Friday, March 7, 2014

Were We Wrong About Tyler Bozak?

One of the most debated Leafs signings in recent years, Tyler Bozak is nearly on a point-per-game pace in year one of a five-year deal and could surpass his career high in points in considerably fewer games.

But has he really improved?

Bozak has been limited to 40 games this season due to injuries, but has produced when he's dressed. He has 37 points in 40 games and when he reunited with Phil Kessel and James van Riemsdyk after recovering from a strained oblique muscle the trio carried the team for a torrid 14-game stretch.

The van Riemsdyk-Bozak-Kessel line has combined for 35 goals, which makes them the third most productive line in the league, behind only Marian Hossa-Jonathan Toews-Patrick Sharp and Milan Lucic-David Krejci-Jarome Iginla. What's more impressive is that the Leafs' trio has done so in far fewer games than their contemporaries, as Bozak has missed two long stretches of action.

Bozak has taken considerable criticism over the years (from these parts included), mainly because his value is derived primarily from Kessel, and lately, van Riemsdyk as well. He's been a good face-off man in years past, but the relative difference between his ability to win draws and those of his teammates isn't so large as to overcome the other deficiencies in his game.

In previous years Bozak's production was largely due to his superior linemates and the huge minutes Randy Carlyle gave him. While slotting between two Olympians has certainly continued to help, for the first time Bozak is making good use of his minutes. Among players who have played at least 30 games, Bozak ranks 7th among centres in even-strength points per 60 minutes, sandwiched between Joe Thornton and Matt Duchene. In years past Bozak was being outscored on a per-minute basis by guys like Chad Larose and Ryan Jones. Now he's among the elite centres in the game.

Bozak is on pace for his best season ever. He's scored 37 points in 40 games, which works out to nearly 76 over a full 82-game season. Only 17 players surpassed 75 points in 2011-12.

However, there are reasons to believe this isn't the new Bozak. He's improved, but not to the point that he's become a 70-point centre. Bozak's own shooting percentage is standing at 21.54%, more than five percentage points above his career average. So although Bozak is on pace for 20 goals over 58 games this season (a career high), what's more likely based on how many shots he's firing and how frequently goals have gone in for him over his career, is that 20 goals over 82 games is a more realistic output.

You could argue that Bozak isn't the shooter on his line, and that he knows to give the puck to Kessel and van Riemsdyk, so his play-making abilities are more indicative of his improved game. It's true Bozak has 23 assists in 40 games, only six shy of his career high tallied in 73 games. However, since Bozak returned from injury almost everything is going in for the big line. At 5-on-5, the Leafs are scoring on roughly 13% of their shots with Bozak on the ice. That's the second highest percentage for in the league.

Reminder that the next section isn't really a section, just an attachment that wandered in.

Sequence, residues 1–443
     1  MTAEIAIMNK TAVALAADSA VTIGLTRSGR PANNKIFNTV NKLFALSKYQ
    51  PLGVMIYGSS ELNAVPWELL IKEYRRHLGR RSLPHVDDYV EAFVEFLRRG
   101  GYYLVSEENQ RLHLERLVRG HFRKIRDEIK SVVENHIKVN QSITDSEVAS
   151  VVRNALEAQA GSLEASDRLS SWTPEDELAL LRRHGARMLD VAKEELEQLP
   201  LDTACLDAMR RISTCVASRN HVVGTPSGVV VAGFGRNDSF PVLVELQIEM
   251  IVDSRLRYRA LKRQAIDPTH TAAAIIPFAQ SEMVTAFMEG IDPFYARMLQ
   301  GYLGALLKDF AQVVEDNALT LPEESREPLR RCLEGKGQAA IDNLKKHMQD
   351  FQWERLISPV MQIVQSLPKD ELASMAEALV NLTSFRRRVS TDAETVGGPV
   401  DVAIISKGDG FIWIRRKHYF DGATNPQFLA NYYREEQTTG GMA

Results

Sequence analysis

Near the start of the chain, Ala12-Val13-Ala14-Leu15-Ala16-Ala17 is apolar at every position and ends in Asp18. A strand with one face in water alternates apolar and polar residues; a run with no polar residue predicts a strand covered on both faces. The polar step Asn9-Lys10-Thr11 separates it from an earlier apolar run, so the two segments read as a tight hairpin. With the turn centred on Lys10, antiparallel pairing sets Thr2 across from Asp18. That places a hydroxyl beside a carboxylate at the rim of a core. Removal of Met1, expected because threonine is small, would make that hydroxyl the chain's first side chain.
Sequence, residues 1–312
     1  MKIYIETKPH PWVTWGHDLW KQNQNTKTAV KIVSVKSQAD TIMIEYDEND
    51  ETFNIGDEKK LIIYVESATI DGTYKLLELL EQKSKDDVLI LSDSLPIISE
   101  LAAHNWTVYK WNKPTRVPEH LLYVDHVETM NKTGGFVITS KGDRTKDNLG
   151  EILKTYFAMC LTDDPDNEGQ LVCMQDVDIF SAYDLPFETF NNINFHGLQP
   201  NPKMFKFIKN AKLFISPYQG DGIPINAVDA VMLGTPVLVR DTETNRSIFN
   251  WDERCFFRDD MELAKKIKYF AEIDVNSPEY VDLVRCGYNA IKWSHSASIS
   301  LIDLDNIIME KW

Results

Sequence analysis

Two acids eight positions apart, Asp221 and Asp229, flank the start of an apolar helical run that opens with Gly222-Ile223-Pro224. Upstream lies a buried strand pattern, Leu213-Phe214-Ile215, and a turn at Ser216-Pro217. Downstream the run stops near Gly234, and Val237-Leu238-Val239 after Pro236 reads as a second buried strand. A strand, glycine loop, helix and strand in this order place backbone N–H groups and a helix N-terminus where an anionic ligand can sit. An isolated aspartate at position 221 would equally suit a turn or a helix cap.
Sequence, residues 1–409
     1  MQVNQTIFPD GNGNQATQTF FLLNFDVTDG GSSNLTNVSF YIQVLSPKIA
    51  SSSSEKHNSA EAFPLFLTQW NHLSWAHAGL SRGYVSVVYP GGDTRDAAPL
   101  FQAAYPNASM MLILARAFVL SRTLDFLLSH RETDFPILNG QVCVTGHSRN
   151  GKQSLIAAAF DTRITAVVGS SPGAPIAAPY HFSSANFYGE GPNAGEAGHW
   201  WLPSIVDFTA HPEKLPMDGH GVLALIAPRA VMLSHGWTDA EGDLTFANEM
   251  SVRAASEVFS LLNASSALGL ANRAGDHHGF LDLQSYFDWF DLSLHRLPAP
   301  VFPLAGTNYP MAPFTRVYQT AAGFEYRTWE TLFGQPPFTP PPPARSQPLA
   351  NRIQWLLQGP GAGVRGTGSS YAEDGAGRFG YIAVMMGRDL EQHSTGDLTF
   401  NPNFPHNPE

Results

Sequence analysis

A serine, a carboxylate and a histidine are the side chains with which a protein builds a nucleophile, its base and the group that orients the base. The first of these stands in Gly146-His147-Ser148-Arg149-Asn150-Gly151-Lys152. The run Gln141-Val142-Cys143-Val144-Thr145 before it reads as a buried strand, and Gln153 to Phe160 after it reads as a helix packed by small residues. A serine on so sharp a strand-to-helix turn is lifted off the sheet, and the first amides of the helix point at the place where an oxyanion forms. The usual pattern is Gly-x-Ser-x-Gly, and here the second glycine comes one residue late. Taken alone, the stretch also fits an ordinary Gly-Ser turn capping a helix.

Unfortunately, a team's shooting percentage when a player is on the ice doesn't tend to be representative of skill over small samples. If a lot of bounces are going a team's way they are going to score more frequently. But the hockey gods don't shine on you forever.  That number tends to fall closer to the league average over a large enough sample. In 2011-12, the Oilers scored on 12.7% of their shots with Jordan Eberle on the ice, which helped Eberle score a career-high 76 points. The next season that number dropped precipitously to 8.5% and Eberle's point total declined with it.

Over a long enough time it's clear some players do persistently influence their team's shooting percentage. Unsurprisingly, over the last six years the Penguins score on 11.67% of their even-strength shots with Sidney Crosby on the ice. Well above the league average. The Leafs with Bozak, by comparison, are scoring on 8.82% of their shots over the same period, which is also above the league average mark of 7.89%, but still well below the current clip at which the Leafs are shooting.

So banking on Bozak being a 70-point centre ignores the fact that right now the bounces are going his way, which is unlikely to persist in the future to such an extent. What's more likely is that Bozak is a 50-point centre, a total, I must add, he has yet to hit in his career.

Still, even if Bozak is more like a 50-point centre instead of a 70-point centre that's still valuable, especially with a manageable cap hi. It's not as if Kessel and van Riemsdyk are suffering with him as their centre. He's at least producing (unlike some other high paid free agents that play on the same team). In fact, looking at Bozak's most comparable cap hits on CapGeek (and ignoring RFA deals), he looks pretty good. That should count as heaping praise around these parts.

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